On Jan. 3, 2017, another section of Executive Order 12333, Section 2.3 Procedures for the Availability or Dissemination of Raw Signals Intelligence Information by the NSA [National Security Agency], was signed into effect by the Obama administration. James Clapper, the director of national intelligence, signed off on Section 2.3 on Dec. 15, 2016, and the order was finalized when Attorney General Loretta Lynch signed it on Jan. 3, 2017.
The new order allowed for the other intelligence agencies to ask the NSA for access to specific surveillance simply by claiming the intercepts contain relevant information that would be useful to a particular mission. Crucially, privacy protection of the underlying raw data was specifically bypassed by the order.
As the New York Times noted at the time, “the new rules significantly relax longstanding limits on what the N.S.A. may do with the information gathered by its most powerful surveillance operations, which are largely unregulated by American wiretapping laws.”
On its face, the rule was supposedly put in place in order to reduce the risk that “the N.S.A. will fail to recognize that a piece of information would be valuable to another agency,” but in reality, it dramatically expanded government officials’ access to the private information of American citizens.
As noted by the NY Times, historically, “the N.S.A. filtered information before sharing intercepted communications with another agency, like the C.I.A. or the intelligence branches of the F.B.I. and the Drug Enforcement Administration. The N.S.A.’s analysts passed on only information they deemed pertinent, screening out the identities of innocent people and irrelevant personal information.”
However, with the Jan. 3, 2017, approval of Section 2.3, and the associated expansion of sharing globally intercepted communications, other intelligence agencies would be able to search “directly through raw repositories of communications intercepted by the N.S.A. and then apply such rules for ‘minimizing’ privacy intrusions.”
The requirement for this broad latitude was fairly simple and spelled out in the executive order.
An “Intelligence Community element” may “intentionally select foreign communications of or concerning a U.S. person or a person in the United States if the element’s compliance organization or legal counsel confirms that” the targeted person is a “current FISA target” or has been determined to be “an agent of a foreign power or employee of a foreign power” and the “purpose of the selection is to acquire significant foreign intelligence or counterintelligence information.”
As of Oct. 21, 2016, although it wasn’t known to the public, Carter Page met these requirements.
When the order was signed, many wondered at the timing and questioned why there was a pressing need to rush an order that allowed for significant expansion in the sharing of raw intelligence among agencies during the final days of the Obama administration.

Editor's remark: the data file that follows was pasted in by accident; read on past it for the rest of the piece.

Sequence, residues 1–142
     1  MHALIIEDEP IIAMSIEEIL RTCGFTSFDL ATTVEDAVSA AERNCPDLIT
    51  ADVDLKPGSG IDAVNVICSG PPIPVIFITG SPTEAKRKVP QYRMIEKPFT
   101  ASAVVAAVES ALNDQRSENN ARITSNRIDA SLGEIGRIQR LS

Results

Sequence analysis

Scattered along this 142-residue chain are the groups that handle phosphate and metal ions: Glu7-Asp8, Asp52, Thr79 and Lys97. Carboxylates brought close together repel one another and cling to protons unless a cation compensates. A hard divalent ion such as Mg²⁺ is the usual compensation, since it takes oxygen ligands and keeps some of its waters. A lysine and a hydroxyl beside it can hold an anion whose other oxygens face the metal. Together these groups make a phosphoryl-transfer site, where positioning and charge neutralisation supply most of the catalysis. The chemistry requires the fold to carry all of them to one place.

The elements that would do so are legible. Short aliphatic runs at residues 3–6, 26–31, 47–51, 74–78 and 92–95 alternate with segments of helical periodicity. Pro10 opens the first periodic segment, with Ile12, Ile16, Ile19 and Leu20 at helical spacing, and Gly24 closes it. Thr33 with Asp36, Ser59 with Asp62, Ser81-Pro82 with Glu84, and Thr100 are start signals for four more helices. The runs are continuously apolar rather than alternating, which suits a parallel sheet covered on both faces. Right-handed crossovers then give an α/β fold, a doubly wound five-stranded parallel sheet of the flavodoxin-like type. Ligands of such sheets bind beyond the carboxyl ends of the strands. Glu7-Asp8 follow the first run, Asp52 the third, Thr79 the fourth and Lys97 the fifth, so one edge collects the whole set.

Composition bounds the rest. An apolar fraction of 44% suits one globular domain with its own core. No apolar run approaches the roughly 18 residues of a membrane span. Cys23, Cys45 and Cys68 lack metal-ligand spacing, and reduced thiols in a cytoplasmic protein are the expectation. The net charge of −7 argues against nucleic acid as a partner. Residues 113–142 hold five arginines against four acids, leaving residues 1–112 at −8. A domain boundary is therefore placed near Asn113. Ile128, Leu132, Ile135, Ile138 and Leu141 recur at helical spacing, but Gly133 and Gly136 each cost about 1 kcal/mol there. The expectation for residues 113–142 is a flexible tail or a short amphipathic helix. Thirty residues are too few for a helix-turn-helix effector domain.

An equally valid question was why was the order so overdue.
Section 2.3 was reported as being on “the verge” of finalization in late February 2016 as reported by the NY Times:
“Robert S. Litt, the general counsel in the office of the Director of National Intelligence, said that the administration had developed and was fine-tuning what is now a 21-page draft set of procedures to permit the sharing.”
It had been anticipated that the order would be finalized by early- to mid-2016.
Interestingly, the finalized version contained a provision relating to “Political Process” that hadn’t been in place in earlier versions of Section 2.3:
“3. (U) Political Process in the United States. [Any IC element that obtains access to raw SIGINT under these Procedures will] Not engage in any intelligence activity authorized by these Procedures, including disseminations to the White House, for the purpose of affecting the political process in the United States. The IC element will comply with the guidance applicable to NSA regarding the application of this prohibition. Questions about whether a particular activity falls within this prohibition will be resolved in consultation with the element’s legal counsel and the General Counsel of the Office of the Director of National Intelligence (ODNI) (and the DoD’s Office of the General Counsel in the case of a DoD IC element).” [emphasis added]
If the above language had been implemented in early 2016 as originally scheduled, dissemination of any raw intelligence on or relating to the Trump campaign to officials within the Obama White House would likely have been made more difficult or prohibited.
In other words, prior to the signing of Section 2.3, it appears that greater latitude existed for officials in the Obama administration to gain access to information. But once the order was signed into effect, Section 2.3 granted greater latitude to interagency sharing of that information.” (Read more: themarketswork, 4/20/2020) (Archive)